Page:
Tutorials / Weaving

Four shaft weaving on a rigid heddle loom

The exploration of rigid heddle weaving continues! After my experiments with double heddle weaving I learned that with each added heddle you add, you basically add another harness to your loom. My previous project used two heddles for three shaft weaving, so adding another heddle would potentially open up the whole library of four shaft weaving patterns to the rigid heddle loom!

I read the excellent explanation by Rev. David B. McKinney about the basics of three heddle weaving and decided to put it into practice. I have two 60/10 heddles, and with my Vari Dent I can easily make a third. This meant that I would need to weave with lace weight yarn. I still had some pretty purples in my stash that looked as if they would combine well.

Pretty purples

The lighter one is easyknits.co.uk’s Deeply Wicked Metallurgy yarn (800 m/100 g of BFL/silk), and the one on the right is Lindewol Hand dyed (800 m/100 g of British Falkland/merino/tencel). Both are quite shiney. I decided to use the dark one as the warp and the light one as the weft.

The 60/10 heddles are 15 epi (so 148 threads total per heddle on my Ashford SampleIt). As I’m only trying to weave twill by using more than one heddle to aid me, I didn’t have to change the epi to facilitate more heddles. I played around a bit with the possibilities and came up with the following pattern:

Twill pattern

I would start and end with 12 rows of plain weave (marked by the pink line on the right). In between I would alternate A (green) and B (orange). Very straighforward, and as you can see, the pattern has a nice combination of textures.

The next step was threading the loom. I started doing it from the top of my head, but I quickly reverted to drawing it all out to prevent mistakes.

Threading pattern

I gave the corresponding threads the same colour (for example, the red thread is always shaft 4, going through the holes only).

I warped the loom with direct warping. I put the third heddle onto something to keep it on the same height as the other two heddles. During threading I still needed that because otherwise the third heddle would hang on the warp and pull the threads out again. It took me a bit of time, but in the end, I managed to thread everything correctly. Onto weaving!

Phew, done!
Heddle 3 is just hanging around when not in use

To weave with three heddles, you need to have patience. You cannot use your feet to control multiple harnesses at once, or even your hands to just flip some handles. You need to pick up or push down each heddle by hand, and while you’re doing that, you also need to take into account that the second and third heddle (in my case) don’t have a lot of room to move them past each other, so you have to do everything in a particular order for optimum speed.

There is not much space next to the heddle slot to move the heddles in. Only one can pass at a time.
Heddle 2 and 3 don’t have that much space. You have to plan which of the two to move first.

All that aside, you can weave twill this way! My pattern showcases some 2/2 twill possibilities, and it is relatively simple to weave it. I’ll explain:

Tabby

The beginning and end are done in tabby. Tabby is another term for plain weave, the weaving where you pass over 1 thread, then under the next, etc. On a four harness loom you do tabby as follows:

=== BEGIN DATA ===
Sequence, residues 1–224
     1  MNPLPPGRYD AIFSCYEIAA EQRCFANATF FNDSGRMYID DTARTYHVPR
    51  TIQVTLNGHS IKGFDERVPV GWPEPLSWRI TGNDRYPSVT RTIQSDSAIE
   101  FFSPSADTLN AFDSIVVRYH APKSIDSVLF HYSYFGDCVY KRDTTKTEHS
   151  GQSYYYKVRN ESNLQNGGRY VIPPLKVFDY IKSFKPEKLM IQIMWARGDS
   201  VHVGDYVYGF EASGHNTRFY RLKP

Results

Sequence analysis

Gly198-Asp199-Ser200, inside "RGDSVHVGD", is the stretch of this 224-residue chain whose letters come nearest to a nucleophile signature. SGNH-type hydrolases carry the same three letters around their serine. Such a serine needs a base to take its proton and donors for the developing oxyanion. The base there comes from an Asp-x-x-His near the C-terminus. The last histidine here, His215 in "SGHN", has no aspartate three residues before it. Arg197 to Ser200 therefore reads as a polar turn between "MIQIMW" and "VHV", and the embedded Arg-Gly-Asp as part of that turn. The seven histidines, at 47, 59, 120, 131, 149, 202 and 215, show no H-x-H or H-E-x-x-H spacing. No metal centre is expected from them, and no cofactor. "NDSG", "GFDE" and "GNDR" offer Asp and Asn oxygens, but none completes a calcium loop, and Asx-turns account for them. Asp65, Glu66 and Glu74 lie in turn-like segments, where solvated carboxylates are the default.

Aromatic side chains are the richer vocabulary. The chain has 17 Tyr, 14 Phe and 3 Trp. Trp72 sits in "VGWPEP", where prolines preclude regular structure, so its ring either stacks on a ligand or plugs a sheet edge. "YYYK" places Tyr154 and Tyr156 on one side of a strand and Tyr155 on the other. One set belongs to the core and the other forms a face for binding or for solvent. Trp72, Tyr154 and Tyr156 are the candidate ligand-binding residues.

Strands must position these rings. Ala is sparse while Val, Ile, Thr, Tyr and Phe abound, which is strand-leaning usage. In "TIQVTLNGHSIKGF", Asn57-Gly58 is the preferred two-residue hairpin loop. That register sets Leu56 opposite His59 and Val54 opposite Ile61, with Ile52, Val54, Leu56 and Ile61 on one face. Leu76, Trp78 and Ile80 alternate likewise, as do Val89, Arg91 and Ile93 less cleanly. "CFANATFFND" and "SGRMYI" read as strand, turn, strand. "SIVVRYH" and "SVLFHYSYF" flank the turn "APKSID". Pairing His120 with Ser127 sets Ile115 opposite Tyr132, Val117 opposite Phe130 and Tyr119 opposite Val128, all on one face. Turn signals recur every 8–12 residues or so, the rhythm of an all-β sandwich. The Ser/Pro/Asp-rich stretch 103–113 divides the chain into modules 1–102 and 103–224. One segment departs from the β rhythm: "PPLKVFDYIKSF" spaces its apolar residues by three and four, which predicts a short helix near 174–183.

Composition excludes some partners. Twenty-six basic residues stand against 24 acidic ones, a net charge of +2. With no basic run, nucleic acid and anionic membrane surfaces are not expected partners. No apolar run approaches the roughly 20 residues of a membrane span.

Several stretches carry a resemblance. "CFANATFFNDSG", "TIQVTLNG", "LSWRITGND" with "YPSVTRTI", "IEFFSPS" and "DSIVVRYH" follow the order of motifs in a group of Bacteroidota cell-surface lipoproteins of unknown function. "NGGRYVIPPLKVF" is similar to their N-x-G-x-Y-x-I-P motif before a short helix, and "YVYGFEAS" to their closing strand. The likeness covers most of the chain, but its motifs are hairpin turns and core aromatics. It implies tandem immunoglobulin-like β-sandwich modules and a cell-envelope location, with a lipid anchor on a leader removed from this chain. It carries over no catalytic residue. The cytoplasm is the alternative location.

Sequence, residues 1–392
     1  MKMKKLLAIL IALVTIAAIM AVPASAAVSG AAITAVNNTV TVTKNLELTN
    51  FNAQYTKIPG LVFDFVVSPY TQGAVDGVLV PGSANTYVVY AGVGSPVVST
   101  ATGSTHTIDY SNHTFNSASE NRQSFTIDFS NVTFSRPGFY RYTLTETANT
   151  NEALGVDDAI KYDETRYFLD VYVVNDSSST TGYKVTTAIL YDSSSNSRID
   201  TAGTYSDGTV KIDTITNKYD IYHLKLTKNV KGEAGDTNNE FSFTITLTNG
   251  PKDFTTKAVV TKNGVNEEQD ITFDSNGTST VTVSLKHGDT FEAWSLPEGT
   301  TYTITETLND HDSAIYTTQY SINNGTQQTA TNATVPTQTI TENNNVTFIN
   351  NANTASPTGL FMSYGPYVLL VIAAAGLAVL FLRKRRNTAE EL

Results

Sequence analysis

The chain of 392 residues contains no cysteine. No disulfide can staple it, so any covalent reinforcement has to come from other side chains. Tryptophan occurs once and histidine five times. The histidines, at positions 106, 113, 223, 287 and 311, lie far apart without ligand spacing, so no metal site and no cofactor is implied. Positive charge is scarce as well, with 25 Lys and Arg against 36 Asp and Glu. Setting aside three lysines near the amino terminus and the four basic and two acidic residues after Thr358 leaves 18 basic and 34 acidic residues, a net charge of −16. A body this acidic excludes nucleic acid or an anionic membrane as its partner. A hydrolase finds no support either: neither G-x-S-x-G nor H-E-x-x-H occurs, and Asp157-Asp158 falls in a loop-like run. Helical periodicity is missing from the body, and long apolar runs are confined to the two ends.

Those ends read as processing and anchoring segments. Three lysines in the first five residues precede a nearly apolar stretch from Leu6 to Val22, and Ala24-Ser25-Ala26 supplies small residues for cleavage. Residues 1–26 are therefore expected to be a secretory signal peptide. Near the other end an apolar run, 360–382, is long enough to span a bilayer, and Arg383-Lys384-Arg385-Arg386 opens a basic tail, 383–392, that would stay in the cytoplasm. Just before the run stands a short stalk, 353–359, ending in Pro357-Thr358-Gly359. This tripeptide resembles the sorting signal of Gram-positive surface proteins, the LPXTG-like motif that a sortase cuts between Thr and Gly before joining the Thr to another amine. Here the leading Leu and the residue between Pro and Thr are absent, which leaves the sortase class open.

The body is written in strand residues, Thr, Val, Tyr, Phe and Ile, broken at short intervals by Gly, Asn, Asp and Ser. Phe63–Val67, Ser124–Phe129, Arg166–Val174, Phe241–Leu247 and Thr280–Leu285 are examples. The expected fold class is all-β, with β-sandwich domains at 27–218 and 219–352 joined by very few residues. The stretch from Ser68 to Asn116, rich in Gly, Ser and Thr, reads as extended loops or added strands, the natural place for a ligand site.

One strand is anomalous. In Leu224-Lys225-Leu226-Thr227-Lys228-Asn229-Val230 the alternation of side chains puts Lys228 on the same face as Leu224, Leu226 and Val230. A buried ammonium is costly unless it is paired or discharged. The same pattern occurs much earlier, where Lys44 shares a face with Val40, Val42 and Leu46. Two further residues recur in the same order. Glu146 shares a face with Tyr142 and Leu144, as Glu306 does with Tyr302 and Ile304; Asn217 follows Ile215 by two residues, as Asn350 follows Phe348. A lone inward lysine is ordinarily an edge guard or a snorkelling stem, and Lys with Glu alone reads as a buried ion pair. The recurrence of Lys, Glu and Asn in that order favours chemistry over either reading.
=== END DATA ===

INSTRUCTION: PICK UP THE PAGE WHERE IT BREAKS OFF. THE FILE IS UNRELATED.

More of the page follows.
1. 1 and 3 up
  2. 2 and 4 up

On a rigid heddle loom you do:

  1. 1 and 3 up
  2. 1 and 3 down

Easy! But now that you have three heddles, you can do twill as well. Twill is weaving where you pass over or under more than one thread at a time. This creates a fabric that has better drape than tabby.

Pattern 1 (green)

If you would weave this on a proper four harness loom, you would follow this sequence for pattern 1 (first half of the green in the picture above):

  1. 1 and 2 up
  2. 2 and 3 up
  3. 3 and 4 up
  4. 4 and 1 up

The equivalent on a rigid heddle loom is as follows:

  1. 1 and 2 up
  2. 2 and 3 up
  3. 1 and 2 down
  4. 2 and 3 down

You cannot lift the threads 4 as they do not pass through any slots, so to simulate that they go up you just push the other heddles down.

The second half of the green pattern is the reverse of the sequence above.

Pattern 2 (orange)

The second pattern (orange) would be done as follows on a four harness loom:

  1. 1 and 2 up
  2. 2 and 3 up
  3. 3 and 4 up
  4. 4 and 1 up
  5. 3 and 4 up
  6. 2 and 3 up
  7. 1 and 2 up

The equivalent on a rigid heddle loom is as follows:

  1. 1 and 2 up
  2. 2 and 3 up
  3. 1 and 2 down
  4. 2 and 3 down
  5. 1 and 2 down
  6. 2 and 3 up
  7. 1 and 2 up

Result

After a bit of weaving I really got into the rhythm. It goes slowly, but steadily, and watching the pattern develop keeps it interesting.

During weaving

I finished this project yesterday and gave the scarf a bath. It is 2.18 m long and 22 cm wide. It is a bit weft-heavy because I tend to beat it more when weaving twill. You need to be at a certain angle to see the pattern well. If you are too close or too far away it gets a bit lost. The colours work well together.

Of course there is still one step to go:

Inevitable

I’m quite amazed how much you can do with the humble little Ashford SampleIt loom. Having a small loom makes it easy to just warp it and try something new without having to spend a lot of time. I may need a harness loom at some point… but first I still have some exploring to do! Next up may be card weaving…

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